Equinor Seeks to Revive Costly Norway, Canada Oil Prospects

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Equinor has signed a long-term deal with engineering companies to help drive down the cost of developing two offshore oil discoveries that were previously postponed, the Norwegian energy group said on Thursday.

The agreement with the Subsea Integration Alliance, an oilfield services group comprising Subsea7 and OneSubsea, could help revive plans to develop Norway’s Wisting field and Canada’s Bay du Nord, potentially unlocking around one billion barrels of oil.

“Selecting the supplier at this early stage is a new way of approaching project development for us,” Equinor project development head Trond Bokn said in a joint statement with Subsea7.

“We look forward to develop concepts together, in a process with full visibility on profitability, and joint efforts to make these challenging projects sanctionable,” he added.

Wisting and Bay du Nord were both discovered more than a decade ago and are believed to contain about 500 million barrels of oil each, Equinor has said.

Both projects face opposition from environmentalists who say the planned production poses a risk to vulnerable eco-systems and that the oil’s eventual use will contribute to climate change.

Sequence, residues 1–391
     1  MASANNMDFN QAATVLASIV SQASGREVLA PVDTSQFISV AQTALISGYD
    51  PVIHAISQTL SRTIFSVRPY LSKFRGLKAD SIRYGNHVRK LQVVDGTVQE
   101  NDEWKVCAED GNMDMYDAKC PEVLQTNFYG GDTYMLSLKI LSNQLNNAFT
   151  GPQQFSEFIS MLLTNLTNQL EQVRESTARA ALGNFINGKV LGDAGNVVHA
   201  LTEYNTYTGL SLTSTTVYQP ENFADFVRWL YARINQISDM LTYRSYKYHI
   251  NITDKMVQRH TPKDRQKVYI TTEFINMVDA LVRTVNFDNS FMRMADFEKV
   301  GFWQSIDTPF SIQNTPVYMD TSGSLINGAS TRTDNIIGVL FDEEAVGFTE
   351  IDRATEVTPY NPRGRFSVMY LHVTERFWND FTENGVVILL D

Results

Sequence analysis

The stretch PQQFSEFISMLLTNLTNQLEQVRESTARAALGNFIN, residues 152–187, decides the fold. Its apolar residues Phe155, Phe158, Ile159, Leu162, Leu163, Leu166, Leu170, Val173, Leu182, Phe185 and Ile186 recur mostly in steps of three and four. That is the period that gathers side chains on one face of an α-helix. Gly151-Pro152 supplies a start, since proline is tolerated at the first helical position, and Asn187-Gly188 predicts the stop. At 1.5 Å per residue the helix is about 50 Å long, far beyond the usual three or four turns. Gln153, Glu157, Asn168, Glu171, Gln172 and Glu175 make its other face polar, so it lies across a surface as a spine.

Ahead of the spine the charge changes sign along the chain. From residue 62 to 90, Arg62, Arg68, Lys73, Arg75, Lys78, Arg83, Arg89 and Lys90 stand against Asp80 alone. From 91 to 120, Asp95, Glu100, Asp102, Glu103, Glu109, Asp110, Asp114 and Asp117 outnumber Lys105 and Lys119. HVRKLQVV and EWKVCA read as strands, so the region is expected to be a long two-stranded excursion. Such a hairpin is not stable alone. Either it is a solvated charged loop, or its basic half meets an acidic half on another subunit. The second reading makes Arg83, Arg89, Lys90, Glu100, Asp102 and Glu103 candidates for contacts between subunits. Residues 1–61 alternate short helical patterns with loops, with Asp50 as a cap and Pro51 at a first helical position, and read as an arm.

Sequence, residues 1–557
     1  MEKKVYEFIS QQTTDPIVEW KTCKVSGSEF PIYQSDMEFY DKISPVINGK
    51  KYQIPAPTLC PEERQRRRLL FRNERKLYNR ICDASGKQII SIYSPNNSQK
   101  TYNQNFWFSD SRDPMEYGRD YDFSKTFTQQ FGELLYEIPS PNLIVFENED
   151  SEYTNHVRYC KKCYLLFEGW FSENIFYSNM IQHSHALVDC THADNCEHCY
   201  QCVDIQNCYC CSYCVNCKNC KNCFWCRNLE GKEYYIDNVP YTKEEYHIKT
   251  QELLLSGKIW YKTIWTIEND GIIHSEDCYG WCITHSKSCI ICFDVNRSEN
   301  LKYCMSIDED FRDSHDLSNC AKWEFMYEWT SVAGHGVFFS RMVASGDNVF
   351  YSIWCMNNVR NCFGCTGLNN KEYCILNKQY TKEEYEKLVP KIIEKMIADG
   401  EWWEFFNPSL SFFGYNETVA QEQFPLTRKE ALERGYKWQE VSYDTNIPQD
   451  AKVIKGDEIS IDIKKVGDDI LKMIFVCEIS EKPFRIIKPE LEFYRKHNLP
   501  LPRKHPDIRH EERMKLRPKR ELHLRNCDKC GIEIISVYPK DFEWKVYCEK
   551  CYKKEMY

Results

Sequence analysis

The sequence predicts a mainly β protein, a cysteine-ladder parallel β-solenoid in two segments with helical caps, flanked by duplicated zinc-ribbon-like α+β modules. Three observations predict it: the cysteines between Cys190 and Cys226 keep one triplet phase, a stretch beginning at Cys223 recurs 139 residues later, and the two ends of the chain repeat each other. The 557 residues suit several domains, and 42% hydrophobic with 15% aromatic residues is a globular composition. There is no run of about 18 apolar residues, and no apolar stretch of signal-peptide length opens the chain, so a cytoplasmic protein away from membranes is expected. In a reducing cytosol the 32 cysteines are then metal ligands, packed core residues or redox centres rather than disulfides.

Equinor announced in 2021 plans to invest $8.8 billion to develop the Arctic Wisting discovery which would have made it the world’s northernmost oilfield, but postponed the project the following year as cost projections ballooned.

Bay du Nord, located in the Flemish Pass offshore Newfoundland, has received the support of Canada’s government, but Equinor last year postponed it by three years, citing soaring costs.

Still, the Norwegian operator has said it hoped to eventually develop the field, and late last year revealed plans for more drilling at Bay du Nord.

Equinor holds a 60% stake in the Canadian discovery while BP BP.L owns 40%.

Equinor and Aker BP have 35% stakes each in Wisting, while Norway’s Petoro has 20% and Japan’s Inpex Idemitsu 1605.T 10%.

(Reuters – Reporting by Terje Solsvik; Editing by Emelia Sithole-Matarise)



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